U.S. hospitals slow to adopt electronic health records, citing cost

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Stimulus money may help, but widespread implementation long way away

 There is broad consensus that electronic health records (EHR) have the potential to improve the efficiency and effectiveness of health care providers. Yet, to date, there has been no reliable estimate of the prevalence of EHR use among U.S. hospitals. 

In a new study, researchers from the Harvard School of Public Health (HSPH), Massachusetts General Hospital (MGH), and George Washington University found that less than 2 percent of surveyed hospitals had implemented comprehensive EHR; further, less than 8 percent had basic EHR in place. It is the first nationally representative study of the prevalence of EHR in hospitals.

The findings are significant as Congress and the Obama administration targeted $19 billion in the federal stimulus package for improving adoption of health information technology such as electronic health records. Many policymakers hope that the money will help doctors and hospitals implement electronic records, which should help improve the quality and efficiency of the health care system. 

“This study suggests hospitals have a long way to go in achieving widespread EHR adoption and use,” said Ashish Jha, associate professor of health policy and management at HSPH and lead author of the study. “The $19 billion in the stimulus bill is really just a down payment for getting us to a health care system that is fully electronic and can deliver the kind of care Americans deserve.”

The study appears on the New England Journal of Medicine Web site today as an Online First and will be published in the April 16 print edition.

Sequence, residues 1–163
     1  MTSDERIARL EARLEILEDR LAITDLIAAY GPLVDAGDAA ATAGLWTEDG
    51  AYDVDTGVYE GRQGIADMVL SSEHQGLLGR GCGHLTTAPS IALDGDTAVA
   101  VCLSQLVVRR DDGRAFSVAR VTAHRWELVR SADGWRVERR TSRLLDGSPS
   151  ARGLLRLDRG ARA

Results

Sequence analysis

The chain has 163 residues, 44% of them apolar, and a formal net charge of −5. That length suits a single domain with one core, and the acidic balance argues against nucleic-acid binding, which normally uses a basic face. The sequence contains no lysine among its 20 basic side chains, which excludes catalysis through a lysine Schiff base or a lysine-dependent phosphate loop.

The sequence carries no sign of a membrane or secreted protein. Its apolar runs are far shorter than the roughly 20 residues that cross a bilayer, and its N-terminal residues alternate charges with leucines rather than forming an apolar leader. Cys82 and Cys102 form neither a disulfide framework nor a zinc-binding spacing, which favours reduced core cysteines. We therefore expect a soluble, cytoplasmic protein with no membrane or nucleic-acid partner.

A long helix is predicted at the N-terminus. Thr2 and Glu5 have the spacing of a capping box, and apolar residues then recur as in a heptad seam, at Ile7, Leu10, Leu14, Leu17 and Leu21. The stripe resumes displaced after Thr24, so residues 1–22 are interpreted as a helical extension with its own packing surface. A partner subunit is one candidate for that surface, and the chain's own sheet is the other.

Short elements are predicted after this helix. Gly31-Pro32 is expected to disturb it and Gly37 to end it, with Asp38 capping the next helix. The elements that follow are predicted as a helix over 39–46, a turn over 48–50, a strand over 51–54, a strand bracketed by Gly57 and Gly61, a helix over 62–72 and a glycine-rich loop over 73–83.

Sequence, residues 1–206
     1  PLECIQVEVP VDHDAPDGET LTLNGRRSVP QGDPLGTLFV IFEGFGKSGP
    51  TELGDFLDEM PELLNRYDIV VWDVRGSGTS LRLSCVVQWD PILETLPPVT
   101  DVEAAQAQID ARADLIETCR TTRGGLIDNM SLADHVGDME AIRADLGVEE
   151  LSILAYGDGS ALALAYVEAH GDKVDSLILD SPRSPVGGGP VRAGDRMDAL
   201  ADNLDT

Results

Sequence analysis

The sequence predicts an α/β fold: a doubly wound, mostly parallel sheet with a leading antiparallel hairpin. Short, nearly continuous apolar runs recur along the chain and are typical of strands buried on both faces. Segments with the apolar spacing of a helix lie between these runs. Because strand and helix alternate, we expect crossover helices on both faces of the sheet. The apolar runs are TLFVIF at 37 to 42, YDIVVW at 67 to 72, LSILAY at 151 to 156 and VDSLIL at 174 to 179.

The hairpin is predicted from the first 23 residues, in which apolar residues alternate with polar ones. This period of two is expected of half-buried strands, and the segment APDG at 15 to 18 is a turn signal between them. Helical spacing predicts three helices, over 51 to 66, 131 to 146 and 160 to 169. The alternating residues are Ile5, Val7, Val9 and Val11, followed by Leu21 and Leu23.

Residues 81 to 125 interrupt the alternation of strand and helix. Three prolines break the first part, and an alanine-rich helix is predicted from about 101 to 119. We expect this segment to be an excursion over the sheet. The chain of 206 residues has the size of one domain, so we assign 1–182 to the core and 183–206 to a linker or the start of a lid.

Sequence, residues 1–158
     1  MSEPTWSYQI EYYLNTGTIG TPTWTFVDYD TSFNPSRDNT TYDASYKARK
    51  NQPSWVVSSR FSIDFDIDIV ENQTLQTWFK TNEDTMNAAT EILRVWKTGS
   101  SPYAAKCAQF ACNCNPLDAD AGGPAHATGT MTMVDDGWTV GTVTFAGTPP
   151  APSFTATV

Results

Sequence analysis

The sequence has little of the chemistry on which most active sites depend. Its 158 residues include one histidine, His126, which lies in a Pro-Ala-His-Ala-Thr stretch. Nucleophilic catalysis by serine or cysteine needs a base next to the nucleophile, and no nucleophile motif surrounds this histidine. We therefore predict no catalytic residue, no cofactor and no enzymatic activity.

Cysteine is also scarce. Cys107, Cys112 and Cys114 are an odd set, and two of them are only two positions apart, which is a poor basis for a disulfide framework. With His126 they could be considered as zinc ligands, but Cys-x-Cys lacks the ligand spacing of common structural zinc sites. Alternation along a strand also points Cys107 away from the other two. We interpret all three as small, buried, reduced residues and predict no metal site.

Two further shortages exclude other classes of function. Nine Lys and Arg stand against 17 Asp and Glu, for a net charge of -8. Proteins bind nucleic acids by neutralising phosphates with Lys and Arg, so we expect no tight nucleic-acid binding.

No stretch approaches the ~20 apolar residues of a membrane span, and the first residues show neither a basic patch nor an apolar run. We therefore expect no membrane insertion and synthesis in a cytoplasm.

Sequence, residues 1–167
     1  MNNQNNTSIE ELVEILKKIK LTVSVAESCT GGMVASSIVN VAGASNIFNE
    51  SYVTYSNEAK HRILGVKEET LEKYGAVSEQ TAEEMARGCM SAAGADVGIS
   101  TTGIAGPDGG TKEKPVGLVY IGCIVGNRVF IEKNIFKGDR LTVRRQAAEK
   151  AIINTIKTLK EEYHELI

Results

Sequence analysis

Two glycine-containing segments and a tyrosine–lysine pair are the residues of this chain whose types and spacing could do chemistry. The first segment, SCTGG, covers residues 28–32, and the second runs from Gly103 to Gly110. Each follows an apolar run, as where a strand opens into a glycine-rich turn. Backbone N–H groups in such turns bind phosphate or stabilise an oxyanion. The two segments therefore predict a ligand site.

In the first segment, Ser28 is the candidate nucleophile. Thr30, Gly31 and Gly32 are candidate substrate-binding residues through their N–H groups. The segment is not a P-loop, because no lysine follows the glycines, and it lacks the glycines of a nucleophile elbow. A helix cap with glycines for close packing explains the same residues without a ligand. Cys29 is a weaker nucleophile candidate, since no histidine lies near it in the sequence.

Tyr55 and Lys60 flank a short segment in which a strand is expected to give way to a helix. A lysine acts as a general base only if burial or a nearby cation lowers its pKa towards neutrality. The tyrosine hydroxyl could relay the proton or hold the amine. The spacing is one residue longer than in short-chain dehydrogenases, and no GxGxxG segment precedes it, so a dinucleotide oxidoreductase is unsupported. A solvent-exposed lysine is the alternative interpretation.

The national survey, conducted in 2008, was sent to all acute-care hospitals that are members of the American Hospital Association; responses came from 2,952 hospitals, or approximately 63 percent of the membership.

“Comprehensive” EHR was defined by an expert panel as having 24 functionalities — for example, physician notes, lab reports, medications — present in all major clinical units of a hospital. The criteria for “basic” EHR was having 10 functionalities in at least one major clinical unit. The researchers hypothesized that large hospitals and major teaching hospitals would have a higher prevalence of EHR and that public hospitals might have lower adoption rates, under the assumption that large institutions have greater access to the capital needed to buy and implement these expensive systems. 

The results showed that 1.5 percent of U.S. hospitals had implemented a comprehensive EHR and an additional 7.6 percent had a basic EHR in place. Larger hospitals, major teaching hospitals, and urban hospitals were more likely to have EHRs. Adoption rates of EHRs were similar between public and private institutions.

The following were the most commonly cited barriers to adoption among hospitals without EHR:

•    Inadequate capital for purchase (73 percent)

•    Concerns about maintenance costs (44 percent)

•    Resistance from physicians (36 percent)

•    Unclear return on investment (32 percent)

•    Lack of staff with adequate IT expertise (30 percent)

Hospitals with EHR cited physician resistance as a major barrier, but were less likely to cite the other four as major barriers.

The lack of capital is a particularly difficult challenge for hospitals that wish to transition to an electronic record system. The systems can cost between $20 million and $200 million, a significant investment at a time when hospitals are facing severe economic challenges due to the current recession.

However, there is ample evidence that if implemented effectively, EHRs can reduce medical errors, improve quality, and make health care more efficient. “While EHRs alone won’t fix all of the ills of the health care system, they are clearly a component of the broader effort to reduce costs and improve the quality of American health care,” Jha said. 

Support for this study was provided by the National Coordinator for Health Information Technology in the Department of Health and Human Services and the Robert Wood Johnson Foundation.

The other authors are Catherine M. DesRoches, Eric G. Campbell, Karen Donelan, Sowmya R. Rao, Timothy G. Ferris, Alexandra Shields, Sara Rosenbaum, and David Blumenthal.

Note: Co-author David Blumenthal, director of the Institute for Health Policy, Massachusetts General Hospital and a professor at Harvard Medical School, was named National Coordinator for Health Information Technology in the U.S. Department of Health and Human Services on March 20, 2009.